There are several options for the treatment
of adrenal disease in ferrets. Most will agree that surgery
is the best option; however, surgery is not possible in
all cases. The ferret may be a high surgical or anesthetic
risk, or the owner simply may not have the funds needed.
Fortunately, there are several non-surgical options and
this article will discuss one of those options - the use
of melatonin for both the treatment of adrenal disease and
the possibility of using it as a preventative measure.
Lupron Depot is another option, and while it works wonderfully
(in this author's experience) it may be cost prohibitive
if your veterinarian does not use Lupron regularly and can
spread the cost over many clients. The use of Lupron Depot
is discussed in detail in several places on this website.
HOW MELATONIN WORKS
Melatonin is a natural hormone that is
released by the pineal gland (a tiny structure located at
the base of the brain) in response to darkness. Conversely,
the release of melatonin is inhibited by light. According
to Dr. Jerry Murray, "Melatonin directly and indirectly
activates the breeding season (spring/summer) during the
'long day' photoperiods, and it terminates the breeding
season (fall/winter) during the 'short day' photoperiods.
In the fall/winter there is more melatonin released during
the dark time, and less released in the spring/summer. In
addition to the breeding season, the increased melatonin
causes the winter fur to come in and the winter weight gain.
Likewise the low levels cause the summer fur to come in
and the summer weight loss."
It is likely that the abnormal lighting
to which we subject our ferrets may be at least partially
responsible for the high incidence of adrenal disease. Their
in-home environment is naturally light during daylight hours
and we add many hours of artificial light on top of that
during the evening hours. This constant lighting causes
a natural reduction of the ferret's production of melatonin
and adds to the stimulation (LH) to the adrenal glands.
So how does melatonin combat the effects
of adrenal disease? Once again from Dr. Murray: "Melatonin
inhibits GnRH release, which decreases LH and FSH and stops
the stimulation to the adrenal glands [Adrenal glands have
LH receptors] which decreases the amount of adrenal sex
hormones being produced."
The overproduction of sex hormones is
what causes the typical symptoms we see with adrenal disease
in ferrets. Hair loss, vulva swelling in females, prostate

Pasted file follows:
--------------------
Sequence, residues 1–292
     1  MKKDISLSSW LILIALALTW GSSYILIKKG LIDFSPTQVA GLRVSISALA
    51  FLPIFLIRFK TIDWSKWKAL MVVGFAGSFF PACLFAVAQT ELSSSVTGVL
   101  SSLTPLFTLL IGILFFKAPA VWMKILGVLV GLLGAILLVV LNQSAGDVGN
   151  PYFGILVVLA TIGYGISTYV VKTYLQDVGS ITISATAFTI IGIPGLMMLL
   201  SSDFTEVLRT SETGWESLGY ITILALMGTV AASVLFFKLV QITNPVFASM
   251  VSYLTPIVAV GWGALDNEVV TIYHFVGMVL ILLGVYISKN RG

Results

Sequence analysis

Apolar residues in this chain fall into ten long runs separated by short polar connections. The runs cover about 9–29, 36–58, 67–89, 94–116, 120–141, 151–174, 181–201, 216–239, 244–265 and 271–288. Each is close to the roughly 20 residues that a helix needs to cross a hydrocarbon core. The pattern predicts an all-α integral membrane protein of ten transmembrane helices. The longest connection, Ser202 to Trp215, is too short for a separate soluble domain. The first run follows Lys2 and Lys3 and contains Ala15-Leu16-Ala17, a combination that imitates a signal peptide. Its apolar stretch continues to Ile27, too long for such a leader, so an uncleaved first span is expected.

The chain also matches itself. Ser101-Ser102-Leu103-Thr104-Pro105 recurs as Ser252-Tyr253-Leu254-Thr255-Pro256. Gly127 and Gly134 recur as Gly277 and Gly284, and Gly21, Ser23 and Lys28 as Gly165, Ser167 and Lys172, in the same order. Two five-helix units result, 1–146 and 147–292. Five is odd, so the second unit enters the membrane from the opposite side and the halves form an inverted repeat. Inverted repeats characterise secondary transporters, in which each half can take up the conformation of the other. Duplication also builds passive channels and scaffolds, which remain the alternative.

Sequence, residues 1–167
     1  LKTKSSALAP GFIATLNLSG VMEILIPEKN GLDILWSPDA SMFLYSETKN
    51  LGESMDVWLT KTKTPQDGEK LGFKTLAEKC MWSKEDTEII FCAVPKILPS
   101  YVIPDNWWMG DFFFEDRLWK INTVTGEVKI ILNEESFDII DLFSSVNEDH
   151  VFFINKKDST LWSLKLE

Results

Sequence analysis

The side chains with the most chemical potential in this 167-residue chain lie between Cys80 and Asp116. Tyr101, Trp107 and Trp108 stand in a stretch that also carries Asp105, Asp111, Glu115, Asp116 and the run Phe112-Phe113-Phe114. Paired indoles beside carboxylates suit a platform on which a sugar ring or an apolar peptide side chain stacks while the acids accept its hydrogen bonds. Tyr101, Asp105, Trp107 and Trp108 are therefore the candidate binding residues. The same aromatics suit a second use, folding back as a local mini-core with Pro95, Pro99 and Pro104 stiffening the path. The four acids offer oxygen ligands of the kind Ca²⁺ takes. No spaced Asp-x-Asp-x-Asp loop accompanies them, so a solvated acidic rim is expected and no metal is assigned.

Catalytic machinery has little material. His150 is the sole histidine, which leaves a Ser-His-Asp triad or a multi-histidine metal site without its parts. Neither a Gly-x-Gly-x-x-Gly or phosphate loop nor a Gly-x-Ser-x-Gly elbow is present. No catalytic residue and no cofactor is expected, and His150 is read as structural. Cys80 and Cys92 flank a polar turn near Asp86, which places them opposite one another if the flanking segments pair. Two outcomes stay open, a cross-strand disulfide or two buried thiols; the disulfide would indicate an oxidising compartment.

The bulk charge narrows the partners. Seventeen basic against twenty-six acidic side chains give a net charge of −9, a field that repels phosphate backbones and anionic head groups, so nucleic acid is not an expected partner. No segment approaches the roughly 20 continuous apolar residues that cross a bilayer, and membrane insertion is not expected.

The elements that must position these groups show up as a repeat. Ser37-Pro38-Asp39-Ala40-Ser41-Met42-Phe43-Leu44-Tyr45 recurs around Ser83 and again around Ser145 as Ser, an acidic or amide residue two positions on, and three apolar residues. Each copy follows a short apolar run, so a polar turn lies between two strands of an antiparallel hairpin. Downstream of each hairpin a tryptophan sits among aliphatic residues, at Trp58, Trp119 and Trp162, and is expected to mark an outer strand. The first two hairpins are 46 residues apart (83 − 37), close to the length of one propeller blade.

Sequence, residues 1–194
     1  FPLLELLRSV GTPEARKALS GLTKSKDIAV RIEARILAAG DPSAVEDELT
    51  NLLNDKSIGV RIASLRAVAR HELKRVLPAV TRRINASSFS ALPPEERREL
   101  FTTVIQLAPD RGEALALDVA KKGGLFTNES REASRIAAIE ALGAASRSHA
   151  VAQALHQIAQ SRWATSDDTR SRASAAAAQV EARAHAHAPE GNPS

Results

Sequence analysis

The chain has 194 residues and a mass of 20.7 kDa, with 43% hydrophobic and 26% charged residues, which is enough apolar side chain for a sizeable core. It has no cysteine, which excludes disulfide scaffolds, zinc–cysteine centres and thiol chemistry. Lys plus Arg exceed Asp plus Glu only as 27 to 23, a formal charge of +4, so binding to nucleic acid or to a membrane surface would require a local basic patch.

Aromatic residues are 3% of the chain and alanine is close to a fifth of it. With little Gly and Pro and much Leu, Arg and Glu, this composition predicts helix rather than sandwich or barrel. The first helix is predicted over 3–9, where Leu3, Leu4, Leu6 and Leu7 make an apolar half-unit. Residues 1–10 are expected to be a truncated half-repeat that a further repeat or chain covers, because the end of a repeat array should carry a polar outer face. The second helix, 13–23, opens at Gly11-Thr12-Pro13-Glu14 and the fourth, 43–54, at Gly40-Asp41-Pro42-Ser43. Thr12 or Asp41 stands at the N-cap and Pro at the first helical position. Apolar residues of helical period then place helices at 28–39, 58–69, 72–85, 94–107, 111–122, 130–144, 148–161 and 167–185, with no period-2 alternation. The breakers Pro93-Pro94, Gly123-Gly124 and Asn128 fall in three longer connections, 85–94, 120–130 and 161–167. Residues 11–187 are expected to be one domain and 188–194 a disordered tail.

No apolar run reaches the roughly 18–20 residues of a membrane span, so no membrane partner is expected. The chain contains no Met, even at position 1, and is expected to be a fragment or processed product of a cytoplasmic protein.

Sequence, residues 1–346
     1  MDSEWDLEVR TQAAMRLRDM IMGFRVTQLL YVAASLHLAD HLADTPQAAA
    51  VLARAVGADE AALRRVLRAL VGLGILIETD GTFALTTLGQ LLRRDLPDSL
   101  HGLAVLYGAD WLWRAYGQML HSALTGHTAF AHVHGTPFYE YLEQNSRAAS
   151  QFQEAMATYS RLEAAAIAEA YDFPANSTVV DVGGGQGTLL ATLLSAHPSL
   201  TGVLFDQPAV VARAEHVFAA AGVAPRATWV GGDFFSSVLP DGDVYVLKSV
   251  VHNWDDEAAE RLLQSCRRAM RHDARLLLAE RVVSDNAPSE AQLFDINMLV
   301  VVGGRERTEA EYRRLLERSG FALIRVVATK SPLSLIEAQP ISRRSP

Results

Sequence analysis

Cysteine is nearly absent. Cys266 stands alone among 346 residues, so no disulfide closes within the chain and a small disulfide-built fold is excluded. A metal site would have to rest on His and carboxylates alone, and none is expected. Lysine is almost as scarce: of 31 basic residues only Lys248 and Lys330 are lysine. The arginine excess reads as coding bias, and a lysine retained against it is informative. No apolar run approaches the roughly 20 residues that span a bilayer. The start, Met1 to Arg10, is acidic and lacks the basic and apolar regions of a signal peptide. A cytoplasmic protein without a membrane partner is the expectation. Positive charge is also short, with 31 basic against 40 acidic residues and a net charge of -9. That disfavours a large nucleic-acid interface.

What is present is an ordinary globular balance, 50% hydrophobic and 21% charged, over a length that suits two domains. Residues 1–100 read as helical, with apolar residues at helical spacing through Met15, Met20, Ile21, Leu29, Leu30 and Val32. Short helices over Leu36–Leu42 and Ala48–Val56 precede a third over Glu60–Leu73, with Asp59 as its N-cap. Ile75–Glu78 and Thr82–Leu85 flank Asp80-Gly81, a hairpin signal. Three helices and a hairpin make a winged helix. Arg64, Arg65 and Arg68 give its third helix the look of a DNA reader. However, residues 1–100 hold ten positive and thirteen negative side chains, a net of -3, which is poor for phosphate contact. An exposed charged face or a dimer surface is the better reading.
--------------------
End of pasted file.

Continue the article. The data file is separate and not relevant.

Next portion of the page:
swelling in males and sexual or aggressive behavior; any
one or more of these symptoms may be present. If this constant
stimulation can be stopped, the results can often be dramatic.
Hair grows, the vulva or prostate swelling resolves, and
except in some cases of carcinoma, the adrenal glands may
get no larger and in some cases may actually reduce in size.
A suggested dosage is 1 milligram of
melatonin given orally around 7-9 hours after sunrise. This
timing would mimic the body's natural release of melatonin
during the short days of fall and winter. In cases where
there is no response to this level of melatonin, up to 3
milligrams may be given daily. In mink, doses as high as
78.2 mg produced no adverse side effects in adults, and
doses as high as 124 mg/kg produced no side effects in kits.
The only side effects seen in ferrets have been sleepiness
for the first 3-5 days when beginning this treatment and
weight gain. Some ferrets will even get fat pads on the
sides of their necks.
study conducted by the University of Wisconsin, 10 ferrets
with confirmed adrenocortical disease were given 0.5 mg
of melatonin (liquid) daily and were monitored over the
course of a year. Nine of the ten ferrets had moderate to
dramatic improvement in clinical signs including hair growth,
reduction of vulva swelling, or reduction of prostatic size.
There was no significant change in the size of the adrenal
glands. This can be interpreted to mean that although the
size of the gland was not reduced, they also did not get
any larger during the one year study.
The most difficult part of this treatment
protocol is compliance with the timing of giving melatonin
7-9 hours after sunrise. For many, this means the dosage
would be due while still at work. A more convenient method
that Dr. Murray uses is the male mink melatonin implant.
This implant is roughly the size of a grain of rice that
is injected subcutaneously (under the skin) over the shoulder
blade area. The implant slowly releases melatonin over a
3-4 month period and eliminates the need to give melatonin
HOW CAN MELATONIN PREVENT ADRENAL DISEASE?
Any endocrine tissue which is constantly
stimulated over a long period of time becomes hyperplastic,
and the more cell cycles and stimulation, the greater the
chance for neoplasia. This is particularly true with organs
that secrete hormones, such as the adrenal glands.
Although there have been no controlled
studies to prove this theory, by giving melatonin before
a ferret develops adrenal disease, we may be able to prevent
the constant stimulation of the adrenal glands. This may
prevent the glands from becoming hyperplastic and eventually,